Asbestos removal is now considered to be a hazardous task and people should not flout the new legislation relating to its removal. There are a lot of people who have come into contact with asbestos and who have been involved with asbestos removal at one time or another. Plumbers working with asbestos are particularly at risk.
Undisturbed asbestos does not in normal circumstances pose a threat, but when fibres are released into the air and then breathed in by people the danger is very real and the onset of asbestos related diseases can be life threatening.
Asbestos was originally used in its mineral form because it has excellent heat and chemical resistance. In the early days of its use some deadly forms of asbestos was used to line railway carriages for heat insulation and sound dampening.
This type was often in powder form and those people working with it at the time would have mixed the asbestos and spread it onto walls like a plasterer. Many of those people developed asbestos related diseases and were important victims which highlighted the tragedy which has shown itself today
Other uses of this type of asbestos were large pipe insulation and insulation for roofing on larger buildings. Asbestos is mined as it is naturally occurring and its uses have been numerous especially in the late 1940’s and the 50’s but as late as 1985.
Asbestos was considered a real threat and medical opinion swayed the government to pass a law banning its use in the United Kingdom in the year 2000.
In domestic type properties asbestos might be found in a number of places. Often these might be guttering, down pipes to gulley’s and drains, old garage roofs, some internal walls and bath panels, central heating flue pipes and occasionally floors.
Plumbers and allied trades should be aware of the dangers of asbestos and should adhere to the current laws in place. Plumbers are now required to undertake “asbestos awareness” courses and have a documented procedure in place when coming across asbestos in their working environment.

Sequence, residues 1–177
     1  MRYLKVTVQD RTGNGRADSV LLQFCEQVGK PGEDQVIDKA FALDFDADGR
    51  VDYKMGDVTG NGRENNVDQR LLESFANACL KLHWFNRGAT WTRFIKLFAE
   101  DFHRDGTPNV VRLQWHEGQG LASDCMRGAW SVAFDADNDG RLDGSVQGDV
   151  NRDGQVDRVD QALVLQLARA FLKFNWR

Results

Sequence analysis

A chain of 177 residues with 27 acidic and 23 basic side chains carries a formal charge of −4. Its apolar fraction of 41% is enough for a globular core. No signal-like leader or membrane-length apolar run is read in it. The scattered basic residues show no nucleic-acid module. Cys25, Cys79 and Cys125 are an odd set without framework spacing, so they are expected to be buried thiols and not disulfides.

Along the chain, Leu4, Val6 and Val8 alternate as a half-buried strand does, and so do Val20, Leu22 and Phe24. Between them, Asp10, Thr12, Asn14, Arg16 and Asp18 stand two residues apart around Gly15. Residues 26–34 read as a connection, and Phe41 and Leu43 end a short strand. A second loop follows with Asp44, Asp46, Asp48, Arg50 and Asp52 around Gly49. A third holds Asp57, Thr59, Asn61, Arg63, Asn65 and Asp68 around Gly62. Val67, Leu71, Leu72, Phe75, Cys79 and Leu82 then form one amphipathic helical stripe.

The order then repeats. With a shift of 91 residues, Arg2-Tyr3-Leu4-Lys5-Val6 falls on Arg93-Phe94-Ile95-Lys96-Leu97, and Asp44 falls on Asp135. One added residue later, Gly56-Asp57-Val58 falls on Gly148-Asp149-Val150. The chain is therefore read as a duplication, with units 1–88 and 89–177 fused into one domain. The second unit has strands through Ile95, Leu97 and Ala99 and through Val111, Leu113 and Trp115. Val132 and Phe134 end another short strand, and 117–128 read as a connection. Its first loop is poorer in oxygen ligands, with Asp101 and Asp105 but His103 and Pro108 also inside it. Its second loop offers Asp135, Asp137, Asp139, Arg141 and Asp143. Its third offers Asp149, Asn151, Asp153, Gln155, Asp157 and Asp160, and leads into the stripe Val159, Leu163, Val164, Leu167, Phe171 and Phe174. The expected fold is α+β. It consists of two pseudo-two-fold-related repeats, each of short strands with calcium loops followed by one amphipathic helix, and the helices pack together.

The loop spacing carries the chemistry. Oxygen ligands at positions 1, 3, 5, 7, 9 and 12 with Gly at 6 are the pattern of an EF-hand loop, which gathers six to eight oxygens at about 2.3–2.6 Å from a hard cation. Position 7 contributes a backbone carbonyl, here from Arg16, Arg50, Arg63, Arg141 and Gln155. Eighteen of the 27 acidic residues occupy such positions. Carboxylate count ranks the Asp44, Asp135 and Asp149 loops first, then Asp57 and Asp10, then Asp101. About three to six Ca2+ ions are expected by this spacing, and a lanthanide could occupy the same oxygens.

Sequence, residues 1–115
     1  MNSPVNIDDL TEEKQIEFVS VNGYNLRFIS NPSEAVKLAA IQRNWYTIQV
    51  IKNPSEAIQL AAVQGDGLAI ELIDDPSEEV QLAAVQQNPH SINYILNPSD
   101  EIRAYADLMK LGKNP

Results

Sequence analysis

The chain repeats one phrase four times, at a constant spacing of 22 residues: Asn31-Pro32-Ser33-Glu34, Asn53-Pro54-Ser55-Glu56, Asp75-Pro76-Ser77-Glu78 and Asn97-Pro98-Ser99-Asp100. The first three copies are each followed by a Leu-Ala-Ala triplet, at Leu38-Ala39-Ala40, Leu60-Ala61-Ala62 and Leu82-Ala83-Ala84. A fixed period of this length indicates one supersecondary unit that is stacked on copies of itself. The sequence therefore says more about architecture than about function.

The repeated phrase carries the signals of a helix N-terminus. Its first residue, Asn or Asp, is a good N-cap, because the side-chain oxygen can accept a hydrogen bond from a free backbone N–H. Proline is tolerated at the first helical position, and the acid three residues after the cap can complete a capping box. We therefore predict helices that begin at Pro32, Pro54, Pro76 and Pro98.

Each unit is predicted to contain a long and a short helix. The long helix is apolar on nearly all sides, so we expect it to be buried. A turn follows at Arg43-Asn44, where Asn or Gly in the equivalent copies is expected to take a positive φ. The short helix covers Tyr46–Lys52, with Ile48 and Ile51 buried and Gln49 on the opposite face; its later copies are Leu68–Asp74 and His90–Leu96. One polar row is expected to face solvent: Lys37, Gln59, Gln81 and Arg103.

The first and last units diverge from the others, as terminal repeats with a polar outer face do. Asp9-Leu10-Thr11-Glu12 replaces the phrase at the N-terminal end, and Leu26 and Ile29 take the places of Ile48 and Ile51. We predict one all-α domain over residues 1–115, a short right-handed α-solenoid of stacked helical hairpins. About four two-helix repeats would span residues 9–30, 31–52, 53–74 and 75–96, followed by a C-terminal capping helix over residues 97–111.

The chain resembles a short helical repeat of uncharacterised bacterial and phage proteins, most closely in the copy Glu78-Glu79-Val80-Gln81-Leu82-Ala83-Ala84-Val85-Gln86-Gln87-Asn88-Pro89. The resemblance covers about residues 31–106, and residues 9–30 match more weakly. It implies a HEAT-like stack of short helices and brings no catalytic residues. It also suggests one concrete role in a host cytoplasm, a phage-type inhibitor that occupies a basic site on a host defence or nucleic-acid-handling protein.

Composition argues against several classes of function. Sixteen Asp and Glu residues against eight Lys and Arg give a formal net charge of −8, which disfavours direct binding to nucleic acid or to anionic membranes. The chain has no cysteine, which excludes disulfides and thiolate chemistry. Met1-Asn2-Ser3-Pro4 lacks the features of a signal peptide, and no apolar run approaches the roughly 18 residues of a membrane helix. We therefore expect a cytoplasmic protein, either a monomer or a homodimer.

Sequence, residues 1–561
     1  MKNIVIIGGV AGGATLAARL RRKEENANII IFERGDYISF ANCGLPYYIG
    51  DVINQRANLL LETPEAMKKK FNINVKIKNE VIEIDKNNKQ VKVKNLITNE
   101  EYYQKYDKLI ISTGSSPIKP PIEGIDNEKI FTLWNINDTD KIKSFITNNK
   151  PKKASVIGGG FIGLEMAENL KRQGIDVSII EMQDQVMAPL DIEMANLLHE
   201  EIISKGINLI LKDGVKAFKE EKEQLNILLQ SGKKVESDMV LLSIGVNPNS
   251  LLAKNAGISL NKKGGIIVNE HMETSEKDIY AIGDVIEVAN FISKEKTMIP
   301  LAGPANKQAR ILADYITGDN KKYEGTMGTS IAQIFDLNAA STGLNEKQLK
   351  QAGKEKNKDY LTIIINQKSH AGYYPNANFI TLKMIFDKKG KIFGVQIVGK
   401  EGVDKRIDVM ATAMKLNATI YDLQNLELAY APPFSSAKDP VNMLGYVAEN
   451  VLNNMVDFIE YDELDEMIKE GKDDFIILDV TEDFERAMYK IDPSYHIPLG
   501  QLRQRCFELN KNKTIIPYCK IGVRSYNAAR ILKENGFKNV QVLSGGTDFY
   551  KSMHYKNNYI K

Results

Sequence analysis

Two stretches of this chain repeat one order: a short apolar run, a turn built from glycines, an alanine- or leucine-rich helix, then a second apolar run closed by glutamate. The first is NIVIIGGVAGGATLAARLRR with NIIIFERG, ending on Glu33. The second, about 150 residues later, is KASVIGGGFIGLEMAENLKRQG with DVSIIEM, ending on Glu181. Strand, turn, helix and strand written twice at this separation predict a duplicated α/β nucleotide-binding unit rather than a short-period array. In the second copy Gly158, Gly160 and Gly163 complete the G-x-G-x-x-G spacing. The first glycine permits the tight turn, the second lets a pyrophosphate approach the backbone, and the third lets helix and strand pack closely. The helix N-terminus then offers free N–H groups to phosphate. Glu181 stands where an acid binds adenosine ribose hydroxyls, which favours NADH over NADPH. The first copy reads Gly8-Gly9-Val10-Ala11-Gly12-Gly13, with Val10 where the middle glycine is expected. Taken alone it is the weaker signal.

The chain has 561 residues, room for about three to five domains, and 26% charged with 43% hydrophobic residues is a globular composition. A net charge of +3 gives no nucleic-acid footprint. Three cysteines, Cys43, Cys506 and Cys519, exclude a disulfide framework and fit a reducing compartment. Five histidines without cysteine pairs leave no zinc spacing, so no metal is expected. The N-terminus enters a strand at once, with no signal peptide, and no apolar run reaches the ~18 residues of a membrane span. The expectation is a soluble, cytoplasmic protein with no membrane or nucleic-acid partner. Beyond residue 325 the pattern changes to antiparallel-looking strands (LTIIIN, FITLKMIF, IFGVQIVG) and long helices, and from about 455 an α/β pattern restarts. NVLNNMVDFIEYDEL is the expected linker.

It is important to check the current laws regarding asbestos removal as these regulations change all the time, so this information might be inaccurate.
There are varying forms of asbestos and some types can only be removed by licensed personnel. Always check and be sure what type you are dealing with. If you are unsure you would be wise to check and apply for an asbestos inspection with your local council. This is carried out through the environment protection scheme.
If you are sure that the asbestos is non-licensable you might be able to carry out the work yourself, but you need to take all the relevant precautions. Always wear a mask that is approved for asbestos removal, and keep people from entering the area until the work is complete and is safe.
Try to dampen the asbestos without getting it too wet, and make sure that there are no dangers with applying water to the area such as electrical feeds or connections. Try to remove large areas rather than small pieces and use good quality sealed bags or containers. Do not use any form of vacuum cleaner or blower; you should wipe up with a damp cloth and try not to agitate the small pieces of asbestos generally.
The disposal of the removed asbestos is something you could check with your local council. The asbestos should not be mixed with any ordinary household waste. The local authority will have a designated place for asbestos waste and it might be that their preferred method is to collect from you direct. There may be a charge for this so any trader should factor this into their quotations if asbestos removal is required.